In addition to the public record data, the plan also prohibits the agencies from including medical debts on credit reports until after 180 days to allow insurance payments to go through. The plan also calls for the bureaus to hire specially trained employees to deal with credit disputes and allow consumers to obtain an additional free credit report if they find an error on their free annual credit report.

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6 Ways to Get Paid What You’re Worth

secure-the-best-salary

Although your net worth isn’t a factor in credit scoring, it does influence your ability to purchase necessities, pay bills and keep your accounts current.

For some professionals, the topic of salary can be more uncomfortable than the interview itself. A Salary.com survey revealed that 18% of job candidates don’t negotiate annual compensation at all, sacrificing the potential for greater earnings and career satisfaction. While there are limits to every job offer, there are a few strategies that could help you in the negotiation process.

1. Improve Your Resume

Learning what skills employers in your industry are looking for is one of the first steps toward earning higher pay. Review open positions online and create a list of common requirements. Research desirable credentials and think about highlighting the skills you have that meet these requirements. You might even consider earning a higher degree or certification to solidify your skills.

2. Avoid Specific Salary Requirements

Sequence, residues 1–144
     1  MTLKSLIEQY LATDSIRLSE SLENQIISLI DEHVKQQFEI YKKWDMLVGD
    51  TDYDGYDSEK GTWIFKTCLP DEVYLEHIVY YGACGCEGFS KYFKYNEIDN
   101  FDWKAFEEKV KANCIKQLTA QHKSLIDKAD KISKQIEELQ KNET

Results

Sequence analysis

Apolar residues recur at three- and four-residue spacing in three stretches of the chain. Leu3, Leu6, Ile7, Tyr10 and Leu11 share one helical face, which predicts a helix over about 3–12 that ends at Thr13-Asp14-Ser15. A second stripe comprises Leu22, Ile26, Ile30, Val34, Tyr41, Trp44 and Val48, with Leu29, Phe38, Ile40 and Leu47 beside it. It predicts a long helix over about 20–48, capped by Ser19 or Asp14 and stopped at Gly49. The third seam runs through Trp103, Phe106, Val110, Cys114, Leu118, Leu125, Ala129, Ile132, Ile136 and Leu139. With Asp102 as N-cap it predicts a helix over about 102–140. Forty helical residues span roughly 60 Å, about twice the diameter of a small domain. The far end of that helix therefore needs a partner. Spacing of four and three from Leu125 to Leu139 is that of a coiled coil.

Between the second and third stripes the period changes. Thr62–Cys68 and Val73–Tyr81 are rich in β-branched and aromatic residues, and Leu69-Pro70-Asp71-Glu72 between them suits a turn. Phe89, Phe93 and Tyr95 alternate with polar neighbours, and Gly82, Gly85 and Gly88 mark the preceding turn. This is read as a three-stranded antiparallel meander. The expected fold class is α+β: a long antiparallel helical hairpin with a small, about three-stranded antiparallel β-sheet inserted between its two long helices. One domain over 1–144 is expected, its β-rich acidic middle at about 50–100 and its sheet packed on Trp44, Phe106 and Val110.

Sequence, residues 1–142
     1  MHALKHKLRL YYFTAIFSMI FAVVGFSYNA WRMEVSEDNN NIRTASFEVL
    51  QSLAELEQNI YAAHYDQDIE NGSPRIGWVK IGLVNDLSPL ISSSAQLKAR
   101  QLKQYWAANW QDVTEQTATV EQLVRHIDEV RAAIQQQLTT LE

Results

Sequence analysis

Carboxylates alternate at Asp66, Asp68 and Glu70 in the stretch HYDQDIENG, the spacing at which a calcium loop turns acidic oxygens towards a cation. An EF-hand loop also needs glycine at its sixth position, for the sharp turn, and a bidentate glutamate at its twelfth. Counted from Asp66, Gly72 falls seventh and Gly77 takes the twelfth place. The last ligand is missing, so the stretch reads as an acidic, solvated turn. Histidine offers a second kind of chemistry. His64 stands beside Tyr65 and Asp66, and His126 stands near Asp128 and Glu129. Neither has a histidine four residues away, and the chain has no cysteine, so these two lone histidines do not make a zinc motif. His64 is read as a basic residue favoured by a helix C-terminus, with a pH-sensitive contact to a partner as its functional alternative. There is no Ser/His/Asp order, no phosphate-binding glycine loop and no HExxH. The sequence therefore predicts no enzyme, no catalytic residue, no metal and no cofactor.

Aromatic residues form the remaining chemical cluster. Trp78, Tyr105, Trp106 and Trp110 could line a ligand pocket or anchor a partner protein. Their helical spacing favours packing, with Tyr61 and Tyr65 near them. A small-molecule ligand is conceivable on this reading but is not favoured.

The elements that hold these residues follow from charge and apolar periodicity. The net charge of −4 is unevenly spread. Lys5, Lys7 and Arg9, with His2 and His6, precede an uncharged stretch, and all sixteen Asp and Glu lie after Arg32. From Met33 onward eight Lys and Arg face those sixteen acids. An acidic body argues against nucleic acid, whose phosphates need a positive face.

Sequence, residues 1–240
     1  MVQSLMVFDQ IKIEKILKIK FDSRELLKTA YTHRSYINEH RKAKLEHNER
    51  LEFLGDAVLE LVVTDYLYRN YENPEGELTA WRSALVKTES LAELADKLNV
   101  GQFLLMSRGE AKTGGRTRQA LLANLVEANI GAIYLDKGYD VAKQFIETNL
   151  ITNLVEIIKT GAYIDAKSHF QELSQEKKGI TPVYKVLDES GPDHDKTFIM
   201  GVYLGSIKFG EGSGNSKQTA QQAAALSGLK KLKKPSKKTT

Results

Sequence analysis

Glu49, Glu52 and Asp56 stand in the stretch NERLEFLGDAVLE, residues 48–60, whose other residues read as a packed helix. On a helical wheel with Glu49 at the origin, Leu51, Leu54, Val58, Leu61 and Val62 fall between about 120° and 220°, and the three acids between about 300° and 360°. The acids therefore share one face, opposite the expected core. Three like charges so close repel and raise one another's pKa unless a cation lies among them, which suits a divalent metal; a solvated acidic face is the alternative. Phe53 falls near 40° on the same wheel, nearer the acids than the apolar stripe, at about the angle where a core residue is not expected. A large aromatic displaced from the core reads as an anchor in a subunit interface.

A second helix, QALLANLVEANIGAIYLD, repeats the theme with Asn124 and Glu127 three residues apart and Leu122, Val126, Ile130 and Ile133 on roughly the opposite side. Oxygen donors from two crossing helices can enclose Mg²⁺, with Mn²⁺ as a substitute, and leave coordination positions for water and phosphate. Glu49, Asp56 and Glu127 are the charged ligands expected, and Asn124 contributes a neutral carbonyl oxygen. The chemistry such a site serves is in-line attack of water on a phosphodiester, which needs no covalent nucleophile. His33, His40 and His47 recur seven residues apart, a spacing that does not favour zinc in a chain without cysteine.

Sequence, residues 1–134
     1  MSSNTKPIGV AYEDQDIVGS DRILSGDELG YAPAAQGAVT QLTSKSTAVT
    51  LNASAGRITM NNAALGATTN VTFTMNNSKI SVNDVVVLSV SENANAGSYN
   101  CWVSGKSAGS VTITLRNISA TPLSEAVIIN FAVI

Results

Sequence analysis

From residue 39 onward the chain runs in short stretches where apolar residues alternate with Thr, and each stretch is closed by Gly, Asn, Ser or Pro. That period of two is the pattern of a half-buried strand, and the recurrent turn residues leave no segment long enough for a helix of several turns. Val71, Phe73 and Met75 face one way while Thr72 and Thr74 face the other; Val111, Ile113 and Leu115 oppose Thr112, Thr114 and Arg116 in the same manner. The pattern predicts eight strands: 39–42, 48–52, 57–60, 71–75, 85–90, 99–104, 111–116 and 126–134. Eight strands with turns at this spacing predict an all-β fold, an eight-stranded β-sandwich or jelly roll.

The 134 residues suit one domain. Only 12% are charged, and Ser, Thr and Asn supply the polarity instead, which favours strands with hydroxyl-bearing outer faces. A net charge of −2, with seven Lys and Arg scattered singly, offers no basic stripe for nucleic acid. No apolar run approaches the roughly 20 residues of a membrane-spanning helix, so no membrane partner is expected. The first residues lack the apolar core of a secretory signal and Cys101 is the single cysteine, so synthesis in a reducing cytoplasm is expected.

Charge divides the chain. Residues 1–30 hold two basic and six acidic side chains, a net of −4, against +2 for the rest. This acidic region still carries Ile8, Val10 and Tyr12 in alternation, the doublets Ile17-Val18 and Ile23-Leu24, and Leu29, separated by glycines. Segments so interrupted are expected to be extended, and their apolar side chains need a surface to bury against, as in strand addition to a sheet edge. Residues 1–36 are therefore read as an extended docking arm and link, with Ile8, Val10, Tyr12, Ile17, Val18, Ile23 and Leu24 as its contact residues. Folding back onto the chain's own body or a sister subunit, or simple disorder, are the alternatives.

Do your best to resist the urge to list a specific figure requirement on an application unless pressed. If you must, you might want to write “competitive” or “negotiable” to keep the conversation open. Disclosing your salary history can also lead to fewer bargaining options. In fact, earlier this year, Massachusetts passed state legislation prohibiting employers from considering past salaries in their hiring practices. It’s a good idea to discuss your workplace merits and skills before discussing money.

3. Consider Your Local Market Value

Location is a vital component of earning potential. According to Glassdoor.com, the average salary for a senior-level mechanical engineer in Chicago is $85,601, while the same position in Seattle yields $134,127. Consider cost of living and your own market value during the negotiation process. Your research will help you set realistic expectations.

4. Prepare a Counter-Offer

It’s a good idea to assess your worth and have an amount in mind that you can use for a counter-offer if you don’t like the first offer a company gives you. Make sure you consider base salary, benefits, signing bonuses, vacation time and other perks. It’s a good idea to make the counter-offer higher than what you’d settle for to give you negotiation room. Mutual flexibility is key here.

5. Share Your Ideas

An effective way to demonstrate value is to come prepared with ideas to help productivity. Research the company’s work and create a list of tasks you would like to complete if hired for the role. Early initiative shows enthusiasm and creativity, two qualities worth consideration during salary discussions.

6. Avoid Limiting Your Job Search

Salary negotiation is easier with a little competition. Pursue multiple job openings with the hope of securing more than one offer. It may be helpful to use competing salaries as leverage to land the position you prefer.

Preparing in Every Way